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Happy anniversary to this CNN book review trashing Jake Tapper's book on the 2000 'stolen' election

With CNN’s Jake Tapper under fire over his banning from his shows of Republicans who he says are engaging in conspiracy theories about the 2020 election, conservatives on Twitter are reminding him of his own conspiracy book from 2001 titled, “Down & Dirty: The Plot to Steal the Presidency” on the 2000 election:


Tapper’s premise is that both sides attempted to steal the presidency, which would mean that George W. Bush did actually win the election by fraudulent means:



Mollie Hemingway noted that “by Jake Tapper’s own sudden guidelines, Jake Tapper can no longer appear on Jake Tapper’s television show:

Oh, but it gets better. A reviewer for CNN — Tapper’s current employer, of course — trashed his book back in June 2001 when they reviewed it.



CNN wrote back then that “Tapper offers nothing to prove” that there was a “conspiracy by one candidate or the other to gain the White House by theft”:

No evidence

What Tapper doesn’t do is justify the title of his book. The tactics employed by both candidates may have been something short of pristine ethically, but the author offers no evidence of “dirty” dealings by either side. Did political convictions color their actions? Of course. Did they break the law? Probably not.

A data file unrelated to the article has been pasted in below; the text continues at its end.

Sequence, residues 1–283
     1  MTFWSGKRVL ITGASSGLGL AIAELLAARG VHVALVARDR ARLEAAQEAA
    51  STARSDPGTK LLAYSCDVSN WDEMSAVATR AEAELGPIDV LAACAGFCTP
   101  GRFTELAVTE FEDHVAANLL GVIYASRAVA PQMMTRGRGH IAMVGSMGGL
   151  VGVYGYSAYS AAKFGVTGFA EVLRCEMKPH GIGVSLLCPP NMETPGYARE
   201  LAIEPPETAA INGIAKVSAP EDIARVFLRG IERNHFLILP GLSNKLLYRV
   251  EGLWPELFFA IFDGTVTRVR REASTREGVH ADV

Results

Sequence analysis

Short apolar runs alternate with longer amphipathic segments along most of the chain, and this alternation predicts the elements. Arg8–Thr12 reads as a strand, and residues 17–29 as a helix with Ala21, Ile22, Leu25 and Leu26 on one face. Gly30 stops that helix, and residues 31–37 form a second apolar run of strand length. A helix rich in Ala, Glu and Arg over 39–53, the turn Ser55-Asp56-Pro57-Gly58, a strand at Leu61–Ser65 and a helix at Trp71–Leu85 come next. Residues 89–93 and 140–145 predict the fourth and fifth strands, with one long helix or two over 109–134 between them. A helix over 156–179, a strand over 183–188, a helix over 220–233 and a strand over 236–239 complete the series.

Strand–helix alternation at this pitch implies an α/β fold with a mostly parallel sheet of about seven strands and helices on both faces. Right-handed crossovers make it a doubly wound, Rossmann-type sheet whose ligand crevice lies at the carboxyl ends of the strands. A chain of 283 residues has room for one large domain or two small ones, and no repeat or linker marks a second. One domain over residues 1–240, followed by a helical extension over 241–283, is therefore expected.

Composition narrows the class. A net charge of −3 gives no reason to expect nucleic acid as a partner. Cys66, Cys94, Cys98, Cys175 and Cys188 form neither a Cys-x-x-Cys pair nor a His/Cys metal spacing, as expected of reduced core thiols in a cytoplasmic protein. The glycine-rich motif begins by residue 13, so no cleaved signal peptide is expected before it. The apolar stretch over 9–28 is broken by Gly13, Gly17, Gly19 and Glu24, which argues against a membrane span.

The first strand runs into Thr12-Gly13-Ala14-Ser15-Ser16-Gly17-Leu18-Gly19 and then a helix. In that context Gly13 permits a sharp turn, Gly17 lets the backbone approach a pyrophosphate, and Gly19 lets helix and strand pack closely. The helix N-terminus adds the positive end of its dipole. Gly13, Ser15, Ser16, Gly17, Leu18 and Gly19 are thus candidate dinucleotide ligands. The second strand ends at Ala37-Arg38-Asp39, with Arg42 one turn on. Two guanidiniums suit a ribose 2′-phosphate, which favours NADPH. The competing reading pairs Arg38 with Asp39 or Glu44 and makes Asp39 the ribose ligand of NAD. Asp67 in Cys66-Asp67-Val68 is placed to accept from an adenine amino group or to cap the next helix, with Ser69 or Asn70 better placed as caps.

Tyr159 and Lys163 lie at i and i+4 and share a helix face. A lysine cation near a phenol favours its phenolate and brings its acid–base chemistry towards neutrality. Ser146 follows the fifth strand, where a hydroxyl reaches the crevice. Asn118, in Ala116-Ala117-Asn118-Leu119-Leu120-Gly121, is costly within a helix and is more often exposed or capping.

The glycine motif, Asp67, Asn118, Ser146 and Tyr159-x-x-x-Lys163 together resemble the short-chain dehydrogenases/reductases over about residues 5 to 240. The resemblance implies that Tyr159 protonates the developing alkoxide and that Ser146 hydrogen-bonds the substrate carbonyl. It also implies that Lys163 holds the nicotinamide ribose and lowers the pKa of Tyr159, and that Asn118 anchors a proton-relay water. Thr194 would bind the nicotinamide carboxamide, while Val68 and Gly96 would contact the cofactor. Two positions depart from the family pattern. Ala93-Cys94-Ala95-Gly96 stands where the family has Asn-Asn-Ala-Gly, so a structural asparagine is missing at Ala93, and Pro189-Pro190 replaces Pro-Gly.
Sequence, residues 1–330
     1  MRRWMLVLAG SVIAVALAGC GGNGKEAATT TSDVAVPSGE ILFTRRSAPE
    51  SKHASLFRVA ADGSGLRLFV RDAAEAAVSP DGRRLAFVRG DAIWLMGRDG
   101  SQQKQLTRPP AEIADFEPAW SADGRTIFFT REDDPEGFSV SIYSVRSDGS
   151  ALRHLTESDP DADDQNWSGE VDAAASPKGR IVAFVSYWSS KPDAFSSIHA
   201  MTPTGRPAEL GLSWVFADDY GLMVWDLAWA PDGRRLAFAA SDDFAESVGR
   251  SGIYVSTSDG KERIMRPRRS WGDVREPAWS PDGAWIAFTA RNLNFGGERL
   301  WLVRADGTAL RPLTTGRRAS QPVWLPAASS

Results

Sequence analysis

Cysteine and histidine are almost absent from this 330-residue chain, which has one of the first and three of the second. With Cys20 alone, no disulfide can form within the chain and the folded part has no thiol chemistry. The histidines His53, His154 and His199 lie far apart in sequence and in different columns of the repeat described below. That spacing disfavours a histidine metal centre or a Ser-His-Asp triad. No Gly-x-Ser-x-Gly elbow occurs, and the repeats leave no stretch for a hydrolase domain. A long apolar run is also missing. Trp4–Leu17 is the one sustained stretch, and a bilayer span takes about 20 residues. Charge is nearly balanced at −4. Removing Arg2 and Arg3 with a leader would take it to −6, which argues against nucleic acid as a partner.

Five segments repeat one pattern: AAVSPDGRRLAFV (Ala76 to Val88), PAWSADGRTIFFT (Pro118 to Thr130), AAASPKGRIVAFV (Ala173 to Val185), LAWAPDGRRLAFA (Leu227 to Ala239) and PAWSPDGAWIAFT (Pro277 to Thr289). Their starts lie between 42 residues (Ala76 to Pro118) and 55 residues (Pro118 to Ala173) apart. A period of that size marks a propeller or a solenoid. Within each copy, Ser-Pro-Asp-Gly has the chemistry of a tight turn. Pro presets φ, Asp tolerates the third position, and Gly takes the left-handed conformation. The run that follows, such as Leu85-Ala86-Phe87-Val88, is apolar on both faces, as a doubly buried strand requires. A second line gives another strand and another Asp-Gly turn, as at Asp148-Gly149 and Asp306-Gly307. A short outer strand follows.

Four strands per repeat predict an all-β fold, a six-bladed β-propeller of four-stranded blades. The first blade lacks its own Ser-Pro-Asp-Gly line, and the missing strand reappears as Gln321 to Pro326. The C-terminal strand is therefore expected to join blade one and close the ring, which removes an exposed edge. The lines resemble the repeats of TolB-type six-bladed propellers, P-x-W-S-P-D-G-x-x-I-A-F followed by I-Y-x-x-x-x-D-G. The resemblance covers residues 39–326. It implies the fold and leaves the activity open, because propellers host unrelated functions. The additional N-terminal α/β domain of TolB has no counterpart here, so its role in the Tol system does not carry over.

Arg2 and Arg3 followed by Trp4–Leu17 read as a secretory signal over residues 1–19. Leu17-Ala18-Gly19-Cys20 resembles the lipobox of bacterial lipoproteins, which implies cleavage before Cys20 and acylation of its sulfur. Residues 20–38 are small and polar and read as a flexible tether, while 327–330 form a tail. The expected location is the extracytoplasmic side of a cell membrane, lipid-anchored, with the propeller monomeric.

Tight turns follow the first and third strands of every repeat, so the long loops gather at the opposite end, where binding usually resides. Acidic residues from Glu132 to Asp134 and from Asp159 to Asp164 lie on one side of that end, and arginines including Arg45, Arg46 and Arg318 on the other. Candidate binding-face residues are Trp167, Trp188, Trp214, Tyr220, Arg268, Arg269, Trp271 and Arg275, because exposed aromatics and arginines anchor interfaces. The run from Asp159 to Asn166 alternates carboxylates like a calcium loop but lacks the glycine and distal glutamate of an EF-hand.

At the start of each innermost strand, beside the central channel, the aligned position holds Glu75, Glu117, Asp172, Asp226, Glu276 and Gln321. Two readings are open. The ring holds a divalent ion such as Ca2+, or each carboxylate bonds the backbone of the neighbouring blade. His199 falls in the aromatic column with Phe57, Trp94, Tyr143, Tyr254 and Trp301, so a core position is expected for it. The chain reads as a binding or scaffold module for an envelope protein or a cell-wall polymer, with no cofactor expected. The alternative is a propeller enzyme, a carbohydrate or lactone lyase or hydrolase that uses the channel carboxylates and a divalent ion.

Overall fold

Was there a conspiracy by one candidate or the other to gain the White House by theft? If there was, Tapper offers nothing to prove it.

LOL at this postscript:

If such an operation was carried out and the ballots were in fact included in the final tabulation, then laws were broken. But Tapper offers no evidence that anything came of the conversation. He even admits, in a postscript, that he didn’t make his case: “Whomever you think the subtitle of the book applies to, we [Americans] are the ones who let him try to steal the presidency.”

And then CNN hired the Salon journo who is “no better than the politicians, elected officials, lawyers and judges he excoriates in his book”:

Such assertions are disingenuous, at best. Tapper does a credible job of exposing some of the shenanigans that were played by all parties during the Florida recount. But he jeopardizes his credibility by making a promise he can’t keep. He isn’t going to unveil “a plot to steal the presidency,” and he knows it. That makes him, at the end of the day, no better than the politicians, elected officials, lawyers and judges he excoriates in his book.





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